Answer To Friday's Question

By Craig Bewick
MAR 22 2021

Thanks to everyone who participated in Friday's “Question of the Day”.  The correct answer was “C” and the key to it lies in the sharp decline in implied volatility (IV) and the effect that Theta (or time value) has on options value as it approaches expiration.

Implied Volatility

For this question, we purposely chose an extremely elevated IV at the initiation of the position to simulate a situation wherein there was extreme uncertainty over an event such as an OPEC meeting, causing options sellers to increase the premium they were demanding.  Remember, as we’ve discussed many times in In FOCUS, the higher the IV, the higher the price, all else equal.  In this case, the elevated IV resulted in a premium of .15 for an option with only 2 days until expiration and a strike price nearly 5% higher than the current price.  In our hypothetical example, the futures price did rise, as the trader expected, but by about 3% and because the OPEC decision removed much of the uncertainty from the market, implied volatility fell by almost half.  In order to illustrate just how elevated the premium of the option was because of the implied volatility, if we changed the implied volatility on the day we initiated the position from 52% to the level it was the next day, 27%, the theoretical value of the position at initiation would have been .01 ($10) instead of .15 ($150). 


The theta, or value associated with time left to expiry, tends to become larger in absolute value terms as most options approach expiration.  For long options, the Theta tends to become “more negative”, as each day that passes will cause greater “time decay”.  In this case, with a theta value of -.11, if we held everything else equal from the day we initiated the position to the following day, the option would theoretically be expected to lose .11 of the .15 initial value.  However, the value of the option fell to .08 and not .04 (or lower) because the positive delta partially offset the Time and Volatility effect as the price of the futures rose.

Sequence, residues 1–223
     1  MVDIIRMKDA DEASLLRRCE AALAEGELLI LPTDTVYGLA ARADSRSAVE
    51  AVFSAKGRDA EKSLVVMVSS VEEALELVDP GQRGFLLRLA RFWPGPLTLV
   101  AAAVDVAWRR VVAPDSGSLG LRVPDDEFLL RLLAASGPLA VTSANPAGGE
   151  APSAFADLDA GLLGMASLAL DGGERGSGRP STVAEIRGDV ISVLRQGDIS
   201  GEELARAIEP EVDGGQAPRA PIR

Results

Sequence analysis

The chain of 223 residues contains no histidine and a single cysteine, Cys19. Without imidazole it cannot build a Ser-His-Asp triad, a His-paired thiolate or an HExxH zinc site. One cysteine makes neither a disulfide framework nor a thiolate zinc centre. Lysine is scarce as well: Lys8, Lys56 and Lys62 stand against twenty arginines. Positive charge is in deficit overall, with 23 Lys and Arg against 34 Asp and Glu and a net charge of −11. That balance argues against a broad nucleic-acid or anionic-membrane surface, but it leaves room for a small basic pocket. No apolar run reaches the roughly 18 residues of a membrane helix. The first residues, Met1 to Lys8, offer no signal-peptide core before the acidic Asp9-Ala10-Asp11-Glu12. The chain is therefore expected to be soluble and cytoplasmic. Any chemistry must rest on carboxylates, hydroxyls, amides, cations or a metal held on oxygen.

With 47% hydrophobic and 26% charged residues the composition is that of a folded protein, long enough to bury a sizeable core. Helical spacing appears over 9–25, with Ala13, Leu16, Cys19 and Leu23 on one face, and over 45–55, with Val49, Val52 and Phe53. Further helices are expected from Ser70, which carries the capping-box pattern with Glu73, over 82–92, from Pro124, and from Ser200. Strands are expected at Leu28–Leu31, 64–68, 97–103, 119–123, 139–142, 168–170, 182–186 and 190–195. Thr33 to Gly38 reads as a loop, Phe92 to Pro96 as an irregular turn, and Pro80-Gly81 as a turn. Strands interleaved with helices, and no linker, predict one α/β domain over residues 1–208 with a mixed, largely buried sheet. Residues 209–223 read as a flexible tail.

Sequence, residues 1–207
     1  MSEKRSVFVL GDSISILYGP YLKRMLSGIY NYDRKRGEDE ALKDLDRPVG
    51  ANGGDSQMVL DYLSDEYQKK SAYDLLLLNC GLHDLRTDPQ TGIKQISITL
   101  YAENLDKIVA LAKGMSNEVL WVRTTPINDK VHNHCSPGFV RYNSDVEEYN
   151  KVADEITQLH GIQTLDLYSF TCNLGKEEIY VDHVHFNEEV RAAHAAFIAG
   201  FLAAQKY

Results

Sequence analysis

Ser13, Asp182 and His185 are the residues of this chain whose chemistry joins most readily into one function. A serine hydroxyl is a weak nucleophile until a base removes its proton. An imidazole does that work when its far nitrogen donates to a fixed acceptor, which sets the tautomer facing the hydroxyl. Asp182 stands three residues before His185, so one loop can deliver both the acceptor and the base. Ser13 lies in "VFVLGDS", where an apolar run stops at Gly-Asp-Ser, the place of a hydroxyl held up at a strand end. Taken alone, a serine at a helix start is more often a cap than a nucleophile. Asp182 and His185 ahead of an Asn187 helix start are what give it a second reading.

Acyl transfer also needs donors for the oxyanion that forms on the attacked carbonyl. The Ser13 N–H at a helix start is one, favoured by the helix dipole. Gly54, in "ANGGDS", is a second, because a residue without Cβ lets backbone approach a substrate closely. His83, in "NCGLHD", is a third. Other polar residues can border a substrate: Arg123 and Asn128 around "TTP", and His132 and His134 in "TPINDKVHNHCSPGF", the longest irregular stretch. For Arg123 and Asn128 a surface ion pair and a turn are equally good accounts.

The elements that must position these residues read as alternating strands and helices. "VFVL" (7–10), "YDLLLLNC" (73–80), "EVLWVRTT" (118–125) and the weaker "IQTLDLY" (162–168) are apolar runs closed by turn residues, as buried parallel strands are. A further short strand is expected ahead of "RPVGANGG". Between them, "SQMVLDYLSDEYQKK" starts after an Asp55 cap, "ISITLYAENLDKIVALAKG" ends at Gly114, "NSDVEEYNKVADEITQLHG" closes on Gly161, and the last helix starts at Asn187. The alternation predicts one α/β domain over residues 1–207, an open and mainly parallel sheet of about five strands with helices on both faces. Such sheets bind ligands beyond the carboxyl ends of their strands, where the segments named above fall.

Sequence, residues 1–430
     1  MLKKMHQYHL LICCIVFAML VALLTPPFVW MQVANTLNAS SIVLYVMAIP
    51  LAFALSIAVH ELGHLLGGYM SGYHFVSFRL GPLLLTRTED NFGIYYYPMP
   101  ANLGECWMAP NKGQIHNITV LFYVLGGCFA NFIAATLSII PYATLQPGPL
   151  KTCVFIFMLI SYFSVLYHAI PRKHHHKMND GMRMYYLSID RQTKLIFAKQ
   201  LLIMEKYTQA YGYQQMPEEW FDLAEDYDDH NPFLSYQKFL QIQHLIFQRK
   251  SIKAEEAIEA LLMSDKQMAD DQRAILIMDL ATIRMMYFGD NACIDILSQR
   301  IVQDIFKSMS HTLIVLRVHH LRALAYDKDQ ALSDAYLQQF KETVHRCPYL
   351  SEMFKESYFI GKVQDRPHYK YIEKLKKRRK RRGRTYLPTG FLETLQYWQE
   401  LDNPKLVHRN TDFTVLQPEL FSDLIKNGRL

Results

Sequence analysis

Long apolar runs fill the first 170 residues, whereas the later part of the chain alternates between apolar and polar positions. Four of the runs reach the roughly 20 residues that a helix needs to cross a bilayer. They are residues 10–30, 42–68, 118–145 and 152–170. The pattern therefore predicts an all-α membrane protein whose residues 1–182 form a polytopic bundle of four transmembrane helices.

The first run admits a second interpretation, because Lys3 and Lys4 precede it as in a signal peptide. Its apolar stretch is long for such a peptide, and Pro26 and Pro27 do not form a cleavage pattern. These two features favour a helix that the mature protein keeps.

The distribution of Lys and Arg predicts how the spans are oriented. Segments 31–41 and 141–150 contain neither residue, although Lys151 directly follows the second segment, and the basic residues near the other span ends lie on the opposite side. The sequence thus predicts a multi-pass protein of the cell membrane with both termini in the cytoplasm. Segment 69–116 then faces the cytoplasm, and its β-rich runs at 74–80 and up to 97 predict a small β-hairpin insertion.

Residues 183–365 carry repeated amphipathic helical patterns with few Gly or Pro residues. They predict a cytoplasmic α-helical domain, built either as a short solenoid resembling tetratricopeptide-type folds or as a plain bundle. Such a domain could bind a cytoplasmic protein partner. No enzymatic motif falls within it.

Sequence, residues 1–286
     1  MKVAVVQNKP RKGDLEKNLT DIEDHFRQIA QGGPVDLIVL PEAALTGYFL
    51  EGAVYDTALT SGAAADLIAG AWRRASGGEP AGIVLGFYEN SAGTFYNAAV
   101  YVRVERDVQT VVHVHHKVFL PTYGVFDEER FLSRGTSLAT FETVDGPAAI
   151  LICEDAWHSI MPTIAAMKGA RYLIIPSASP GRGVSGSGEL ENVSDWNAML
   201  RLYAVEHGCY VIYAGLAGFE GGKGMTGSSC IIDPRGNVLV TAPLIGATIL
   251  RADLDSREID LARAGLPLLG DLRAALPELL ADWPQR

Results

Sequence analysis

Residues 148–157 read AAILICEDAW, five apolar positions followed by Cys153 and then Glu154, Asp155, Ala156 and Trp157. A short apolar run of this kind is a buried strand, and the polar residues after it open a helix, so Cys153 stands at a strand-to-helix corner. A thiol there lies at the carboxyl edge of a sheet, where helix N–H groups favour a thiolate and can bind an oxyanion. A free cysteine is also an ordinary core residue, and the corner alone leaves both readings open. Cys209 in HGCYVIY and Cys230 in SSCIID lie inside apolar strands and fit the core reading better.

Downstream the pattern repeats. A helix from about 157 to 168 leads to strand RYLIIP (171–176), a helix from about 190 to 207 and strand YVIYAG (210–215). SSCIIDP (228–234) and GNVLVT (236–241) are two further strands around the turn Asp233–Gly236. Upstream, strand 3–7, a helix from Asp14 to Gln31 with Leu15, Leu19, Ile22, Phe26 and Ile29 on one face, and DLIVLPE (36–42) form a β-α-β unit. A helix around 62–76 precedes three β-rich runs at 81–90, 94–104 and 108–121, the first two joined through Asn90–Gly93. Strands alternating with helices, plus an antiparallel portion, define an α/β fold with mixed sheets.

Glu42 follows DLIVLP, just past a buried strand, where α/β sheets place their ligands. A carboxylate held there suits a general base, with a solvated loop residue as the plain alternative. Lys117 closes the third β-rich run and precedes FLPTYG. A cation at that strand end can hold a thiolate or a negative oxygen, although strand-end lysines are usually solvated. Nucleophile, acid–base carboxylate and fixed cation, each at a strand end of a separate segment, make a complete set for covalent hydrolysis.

We show the QuikStrike analysis of the “Before” and “After” below.

Obviously, this was a theoretical example meant to underscore the importance of implied volatility in options trading.  We’ll continue that exercise in theory with the following alternative example.  Assume that a Put with a comparable delta on the Wednesday of this hypothetical example was trading at a similar implied volatility.  A trader who wanted to assume a speculative long position could, theoretically, sell a Put instead of buy a Call, to take advantage of the elevated volatility level.  Of course, if they only sold the Put, they would be subject to unlimited risk if the price of the underlying future fell after the OPEC report was released, in our example.  So, we put together a theoretical position that involved selling a Put with a comparable delta and IV and simultaneously buying a lower delta Put in order to define the risk in the trade.  Doing so, resulted in a collection of premium of .12 or $120.00.  If we then make the same hypothetical adjustments we made in the original example to price and volatility, the value of that position approaches zero or, in other words, the trader would have, theoretically, made the $120.00 they collected. 


Craig Bewick has spent 25 years in futures and options markets, starting at CBOT and CME working in risk management, regulatory, technology, product management and client development. 

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